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Homeland Security

WHO concludes a MERS-CoV risk assessment mission in the United Arab Emirates

IRNA - Islamic Republic News Agency

Geneva, June 7, IRNA -- A team from the WHO and technical partners from the Global Outbreak Alert and Response Network has concluded a five-day mission in United Arab Emirates (UAE).

The team assessed the risk posed by the Middle East respiratory syndrome coronavirus, or MERS-CoV in the country. The team consisted of 6 experts in coordination, epidemiology, infection prevention and control, food safety and the human-animal interface, and risk communication.

Health authorities in the UAE had invited WHO to review the current situation after an upsurge in MERS-CoV infections in April. Upon arrival, the WHO team met with H.E Mr Abdul Rahman bin Mohammed Al Owais, the Minister of Health, in Dubai to discuss the mission.

Investigation and evaluation

During the mission, the team had extensive meetings with experts from Health Authority Abu Dhabi, Dubai Health Authority and the Abu Dhabi Food Control Authority. The team visited the hospital to which two-thirds of the country's cases can be traced, in order to review the epidemiological investigation and assess the infection prevention and control measures that have been applied. The WHO team evaluated the work done on investigating possible exposure routes, transmission patterns, and the clinical situation.

We are impressed by the amount of data and information generated during the investigation of MERS cases by UAE to help better understand MERS- CoV. This knowledge is of utmost importance to the rest of the world to better discover the source of the virus and the routes of transmissions from animals to humans, said Peter Ben Embarek, WHO team leader.

"The UAE health authorities have been following up diligently on the MERS-CoV cases, including repeated laboratory testing to check when cases have been cleared of the virus. This data will make an important contribution to the risk assessment and to guide the health response internationally, Ben Embarek concluded.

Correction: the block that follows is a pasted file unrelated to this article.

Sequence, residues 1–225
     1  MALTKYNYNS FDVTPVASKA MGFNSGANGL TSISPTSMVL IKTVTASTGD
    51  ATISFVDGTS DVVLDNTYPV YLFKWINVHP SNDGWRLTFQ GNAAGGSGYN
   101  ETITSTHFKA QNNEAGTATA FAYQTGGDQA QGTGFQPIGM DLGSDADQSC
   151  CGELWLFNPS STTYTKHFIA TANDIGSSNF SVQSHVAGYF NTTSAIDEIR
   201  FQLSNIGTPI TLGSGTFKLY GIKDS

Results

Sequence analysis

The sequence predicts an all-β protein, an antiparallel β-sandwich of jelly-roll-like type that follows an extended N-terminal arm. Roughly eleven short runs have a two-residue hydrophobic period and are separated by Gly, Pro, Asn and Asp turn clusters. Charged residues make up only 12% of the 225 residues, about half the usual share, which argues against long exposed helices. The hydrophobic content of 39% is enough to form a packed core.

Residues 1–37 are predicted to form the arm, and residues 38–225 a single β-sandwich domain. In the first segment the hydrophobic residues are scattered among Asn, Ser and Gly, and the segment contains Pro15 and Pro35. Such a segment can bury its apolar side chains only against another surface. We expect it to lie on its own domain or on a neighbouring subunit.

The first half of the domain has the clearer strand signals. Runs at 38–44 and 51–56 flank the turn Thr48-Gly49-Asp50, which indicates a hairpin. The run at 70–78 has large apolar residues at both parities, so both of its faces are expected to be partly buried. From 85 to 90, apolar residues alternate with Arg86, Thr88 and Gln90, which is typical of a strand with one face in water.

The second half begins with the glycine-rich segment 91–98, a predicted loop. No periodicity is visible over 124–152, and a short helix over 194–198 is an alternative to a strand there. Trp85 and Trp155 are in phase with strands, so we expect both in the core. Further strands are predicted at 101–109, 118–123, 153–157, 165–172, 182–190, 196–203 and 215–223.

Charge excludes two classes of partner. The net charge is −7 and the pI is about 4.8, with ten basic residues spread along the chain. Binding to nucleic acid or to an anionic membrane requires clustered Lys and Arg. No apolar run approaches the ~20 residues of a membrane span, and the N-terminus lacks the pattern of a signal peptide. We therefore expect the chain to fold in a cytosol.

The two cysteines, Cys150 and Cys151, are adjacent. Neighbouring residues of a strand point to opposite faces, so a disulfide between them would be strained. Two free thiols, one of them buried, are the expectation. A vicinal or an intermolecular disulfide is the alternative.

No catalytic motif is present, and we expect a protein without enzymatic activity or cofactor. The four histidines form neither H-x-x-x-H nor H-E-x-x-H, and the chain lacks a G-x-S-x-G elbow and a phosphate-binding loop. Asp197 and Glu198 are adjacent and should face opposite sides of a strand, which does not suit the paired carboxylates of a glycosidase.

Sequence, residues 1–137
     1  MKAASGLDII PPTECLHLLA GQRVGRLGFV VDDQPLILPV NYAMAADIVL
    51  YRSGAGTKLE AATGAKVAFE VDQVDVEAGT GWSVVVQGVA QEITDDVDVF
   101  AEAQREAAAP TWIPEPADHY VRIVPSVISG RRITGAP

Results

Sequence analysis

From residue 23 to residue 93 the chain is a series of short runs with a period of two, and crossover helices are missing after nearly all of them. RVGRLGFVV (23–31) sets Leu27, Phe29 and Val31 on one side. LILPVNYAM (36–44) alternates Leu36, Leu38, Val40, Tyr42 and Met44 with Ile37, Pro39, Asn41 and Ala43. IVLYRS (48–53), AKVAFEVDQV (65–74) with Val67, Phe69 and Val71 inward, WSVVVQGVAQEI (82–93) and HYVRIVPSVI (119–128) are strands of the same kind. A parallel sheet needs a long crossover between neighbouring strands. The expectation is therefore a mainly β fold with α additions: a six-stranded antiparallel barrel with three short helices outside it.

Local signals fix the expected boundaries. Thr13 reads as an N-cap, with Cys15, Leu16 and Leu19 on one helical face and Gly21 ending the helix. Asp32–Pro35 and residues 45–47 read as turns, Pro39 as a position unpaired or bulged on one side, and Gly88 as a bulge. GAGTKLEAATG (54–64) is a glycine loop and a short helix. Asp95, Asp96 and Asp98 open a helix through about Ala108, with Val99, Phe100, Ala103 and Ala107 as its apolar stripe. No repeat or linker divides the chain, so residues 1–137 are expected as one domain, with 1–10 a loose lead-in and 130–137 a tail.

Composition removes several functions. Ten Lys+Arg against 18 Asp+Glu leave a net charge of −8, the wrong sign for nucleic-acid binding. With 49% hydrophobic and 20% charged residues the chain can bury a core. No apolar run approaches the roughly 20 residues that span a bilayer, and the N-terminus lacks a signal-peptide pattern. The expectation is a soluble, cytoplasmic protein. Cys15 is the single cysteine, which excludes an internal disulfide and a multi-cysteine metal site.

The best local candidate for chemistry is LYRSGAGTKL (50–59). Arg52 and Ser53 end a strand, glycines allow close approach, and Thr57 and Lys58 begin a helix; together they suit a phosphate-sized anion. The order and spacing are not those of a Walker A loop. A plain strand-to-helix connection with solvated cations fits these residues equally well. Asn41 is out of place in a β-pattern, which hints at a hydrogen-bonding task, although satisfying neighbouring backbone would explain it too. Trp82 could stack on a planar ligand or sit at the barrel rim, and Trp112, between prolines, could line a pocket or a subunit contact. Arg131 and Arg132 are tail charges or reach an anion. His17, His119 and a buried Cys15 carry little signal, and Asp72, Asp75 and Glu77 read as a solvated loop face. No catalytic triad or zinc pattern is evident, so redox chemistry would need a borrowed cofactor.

Need to share experience and knowledge

The preliminary result of the mission indicates that the cases in UAE do not show evidence of sustained human to human infection. The recent upsurge of cases in Abu Dhabi appears to have been caused by a combination of factors, including a breach in infection prevention and control measures in health care settings, active surveillance and increase in community acquired cases.

WHO recommends that the UAE health authorities to continue to investigate MERS, including the source of infection, and share new information as it becomes available. There is an ongoing need to share experiences and knowledge from all countries that have cases of MERS-CoV to better understand this emerging disease, including the role of animals in the spread of the MERS-CoV.

WHO stressed the importance of participating in multi-country case control studies from both the human health and animal health perspective. There are opportunities to do joint analysis of samples from infected camels and the infected humans around them. These studies will help understand the role of camels in the disease - particularly how human infection happens. This information will help inform people who are in close contact with camels to gain a realistic picture of the risk, and the level of precaution needed.

Globally, as of 4 June, 681 laboratory-confirmed cases of infection with MERS-CoV have officially been reported to WHO, including 204 deaths.


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